For example, if you need one million rows in total with fewer for 2019, only insert 200,000 for 2019. Then insert the remaining 800,000 for 2020 and 2021. You can distribute these however you would like. Executing the query multiple times may not be the prettiest solution. I am sure you can perform the population in a cursor or while loop but for the purposes here, let's not complicate it. Please let me know how you would tackle populating the table in the comments below.

Larger Datasets

You might need a dataset larger than one million rows. Requirements may call for ten or even one hundred million rows. Let's stick with something reasonable and pick ten million.

There are a couple of simple ways to go about this. The first would be making your numbers table larger. The second would be inserting the rows in batches of one million. The code below accomplishes the task with a WHILE loop.

DECLARE @StartDate AS date;
DECLARE @EndDate AS date;
DECLARE @DaysBetween AS int;
DECLARE @Count int;

SELECT @StartDate = '01/01/2019',
@EndDate = '12/31/2021',
@DaysBetween = (1+DATEDIFF(DAY, @StartDate, @EndDate)),
@Count = 0;

WHILE (@Count < 10000000)
INSERT INTO #SalesOrder (SalesDate, SalesAmount)
SELECT DATEADD(DAY, RAND(CHECKSUM(NEWID()))*@DaysBetween,@StartDate) AS 'SalesDate',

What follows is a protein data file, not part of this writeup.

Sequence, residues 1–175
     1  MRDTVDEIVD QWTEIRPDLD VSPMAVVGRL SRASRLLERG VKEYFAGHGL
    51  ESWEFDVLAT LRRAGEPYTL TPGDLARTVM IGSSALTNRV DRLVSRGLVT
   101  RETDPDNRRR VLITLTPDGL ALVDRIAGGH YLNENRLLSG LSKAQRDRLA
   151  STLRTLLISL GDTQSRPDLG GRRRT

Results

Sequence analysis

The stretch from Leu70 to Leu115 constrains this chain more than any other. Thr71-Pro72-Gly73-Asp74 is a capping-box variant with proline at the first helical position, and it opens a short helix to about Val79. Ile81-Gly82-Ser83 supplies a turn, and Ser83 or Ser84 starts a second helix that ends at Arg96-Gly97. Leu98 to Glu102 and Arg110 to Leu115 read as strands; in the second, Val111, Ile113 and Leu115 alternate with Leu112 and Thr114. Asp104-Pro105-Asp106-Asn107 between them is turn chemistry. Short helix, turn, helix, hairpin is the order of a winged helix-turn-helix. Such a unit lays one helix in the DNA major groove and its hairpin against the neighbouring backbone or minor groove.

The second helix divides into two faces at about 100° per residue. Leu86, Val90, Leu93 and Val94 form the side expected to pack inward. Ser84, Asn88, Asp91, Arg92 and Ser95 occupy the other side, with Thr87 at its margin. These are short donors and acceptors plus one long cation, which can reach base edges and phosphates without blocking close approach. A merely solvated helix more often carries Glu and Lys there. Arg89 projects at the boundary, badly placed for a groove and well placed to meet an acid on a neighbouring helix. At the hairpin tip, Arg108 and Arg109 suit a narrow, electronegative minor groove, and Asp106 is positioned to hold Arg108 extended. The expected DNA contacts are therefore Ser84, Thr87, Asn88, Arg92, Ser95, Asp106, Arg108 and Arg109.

ABS(CHECKSUM(NEWID()) % 50) + 10 AS 'SalesAmount'
FROM #Numbers;
SET @Count = @Count + @@ROWCOUNT;


In this tutorial, we explored why you need to generate random calendar dates. The reason typically comes down to building datasets for demos and testing. Continuing, I demonstrated how to generate random new dates between a specific range. We examined each of the functions involved. Finally, we populated a table with random dates. I also shared a solution to keep all the years from being even.

Next Steps
  • The next time you need to build a dataset, consider how you want the data distributed, i.e., more rows for a particular year. As mentioned previously, the distribution may be more critical for reports.
  • If you do not plan to build a dataset, consider creating a numbers table. Please check out Aaron Bertrand's tip for creating one.
  • If you are interested in learning more about random numbers in SQL check out this tip.

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About the author
MSSQLTips author Jared Westover Jared Westover (@westoverjared) is a SQL Server specialist with nearly two decades of industry experience.

View all my tips

Article Last Updated: 2022-07-12

Comments For This Article

Friday, August 5, 2022 - 6:47:06 AM - Thomas Franz Back To Top (90348)
You should have mentioned, that without the CHECKSUM(NEWID()) you would get the same date for every line, if you e.g. do a SELECT TOP 100 <formula> FROM #numbers

If you need only a single random date or call it in a loop (what you should not do because of non existing speed for bigger data sets), you could simply use RAND() without any parameter.